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Solvent accessible surface area approximations for rapid and accurate protein structure prediction.

Durham E, Dorr B, Woetzel N, Staritzbichler R, Meiler J - J Mol Model (2009)

Bottom Line: Furthermore, it depends on a full-atom representation of the molecule.This manuscript introduces a series of four SASA approximations of increasing computational complexity and accuracy as well as knowledge-based environment free energy potentials based on these SASA approximations.Their ability to distinguish correctly from incorrectly folded protein models is assessed to balance speed and accuracy for protein structure prediction.

View Article: PubMed Central - PubMed

Affiliation: Department of Chemistry, Center for Structural Biology, Vanderbilt University, 465 21st Ave South, Nashville, TN 37232-8725, USA.

ABSTRACT
The burial of hydrophobic amino acids in the protein core is a driving force in protein folding. The extent to which an amino acid interacts with the solvent and the protein core is naturally proportional to the surface area exposed to these environments. However, an accurate calculation of the solvent-accessible surface area (SASA), a geometric measure of this exposure, is numerically demanding as it is not pair-wise decomposable. Furthermore, it depends on a full-atom representation of the molecule. This manuscript introduces a series of four SASA approximations of increasing computational complexity and accuracy as well as knowledge-based environment free energy potentials based on these SASA approximations. Their ability to distinguish correctly from incorrectly folded protein models is assessed to balance speed and accuracy for protein structure prediction. We find the newly developed "Neighbor Vector" algorithm provides the most optimal balance of accurate yet rapid exposure measures.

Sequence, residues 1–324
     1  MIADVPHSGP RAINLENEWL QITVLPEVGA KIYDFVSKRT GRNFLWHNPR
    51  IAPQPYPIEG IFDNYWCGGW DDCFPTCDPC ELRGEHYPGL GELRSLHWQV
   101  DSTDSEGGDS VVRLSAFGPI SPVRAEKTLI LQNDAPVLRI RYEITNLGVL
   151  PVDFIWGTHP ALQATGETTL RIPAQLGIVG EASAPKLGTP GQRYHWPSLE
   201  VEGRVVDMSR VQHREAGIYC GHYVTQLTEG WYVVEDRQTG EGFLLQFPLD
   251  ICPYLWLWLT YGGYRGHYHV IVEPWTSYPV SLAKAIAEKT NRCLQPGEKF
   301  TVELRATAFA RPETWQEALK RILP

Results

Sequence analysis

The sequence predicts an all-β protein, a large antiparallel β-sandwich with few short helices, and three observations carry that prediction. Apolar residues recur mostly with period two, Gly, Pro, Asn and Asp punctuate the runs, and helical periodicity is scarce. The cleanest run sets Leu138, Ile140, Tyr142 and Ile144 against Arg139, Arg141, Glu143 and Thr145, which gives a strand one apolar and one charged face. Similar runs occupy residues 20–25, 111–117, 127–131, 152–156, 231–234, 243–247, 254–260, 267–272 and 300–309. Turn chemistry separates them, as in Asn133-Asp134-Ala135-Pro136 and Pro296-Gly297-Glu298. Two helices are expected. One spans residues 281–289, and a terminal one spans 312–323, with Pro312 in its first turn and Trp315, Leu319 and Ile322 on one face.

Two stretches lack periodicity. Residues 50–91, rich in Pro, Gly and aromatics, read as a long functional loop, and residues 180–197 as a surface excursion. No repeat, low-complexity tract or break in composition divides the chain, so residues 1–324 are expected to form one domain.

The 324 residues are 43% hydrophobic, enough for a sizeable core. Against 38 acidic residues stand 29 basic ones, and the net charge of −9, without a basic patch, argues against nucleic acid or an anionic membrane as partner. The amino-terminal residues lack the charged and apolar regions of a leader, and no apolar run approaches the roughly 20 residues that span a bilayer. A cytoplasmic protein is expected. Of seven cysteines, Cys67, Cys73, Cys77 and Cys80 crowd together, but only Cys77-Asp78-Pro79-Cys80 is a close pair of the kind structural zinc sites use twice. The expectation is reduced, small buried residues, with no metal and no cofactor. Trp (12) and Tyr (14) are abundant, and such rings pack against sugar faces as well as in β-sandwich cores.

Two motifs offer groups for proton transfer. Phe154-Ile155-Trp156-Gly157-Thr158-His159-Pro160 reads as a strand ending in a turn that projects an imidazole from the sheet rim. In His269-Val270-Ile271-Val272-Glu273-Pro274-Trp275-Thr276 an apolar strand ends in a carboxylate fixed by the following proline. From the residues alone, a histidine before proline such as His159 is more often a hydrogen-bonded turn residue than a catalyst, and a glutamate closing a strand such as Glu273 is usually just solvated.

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The knowledge-based potentials based upon each exposure algorithm are shown and colored by value where white represents low values and dark gray represents high values. A visual inspection of the KBPs confirms that the energies shown in the KBPs agree with expectations. For example, one expects a hydrophobic amino acid, for example valine (V), to prefer a low exposure value, a large number of neighbors, and a low neighbor vector magnitude. This is in fact what is seen as indicated by the minima in the plots. Conversely, one expects a hydrophilic amino acid, such as lysine (K) to prefer a high exposure value, a small number of neighbors and a high neighbor vector magnitude. This is also what is seen in the plots
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Fig7: The knowledge-based potentials based upon each exposure algorithm are shown and colored by value where white represents low values and dark gray represents high values. A visual inspection of the KBPs confirms that the energies shown in the KBPs agree with expectations. For example, one expects a hydrophobic amino acid, for example valine (V), to prefer a low exposure value, a large number of neighbors, and a low neighbor vector magnitude. This is in fact what is seen as indicated by the minima in the plots. Conversely, one expects a hydrophilic amino acid, such as lysine (K) to prefer a high exposure value, a small number of neighbors and a high neighbor vector magnitude. This is also what is seen in the plots

Mentions: A visual inspection of the KBPs ensures that the potentials agree with expectations (see Fig. 7). For example, one expects for hydrophobic amino acids in solution to prefer burial. This is in fact what is seen. Consider the preference of hydrophobic amino acids, such as valine (V), methionine (M), and phenylalanine (F) for a large number of neighbors, a small neighbor vector magnitude, and small relative exposures. Additionally, one expects hydrophilic amino acids to prefer exposure in solution. This is also the case. Consider the preference of the hydrophilic amino acids lysine (K), asparagine (N), and glutamine (Q) for low neighbor counts, a large neighbor vector magnitude, and large relative exposures.Fig. 7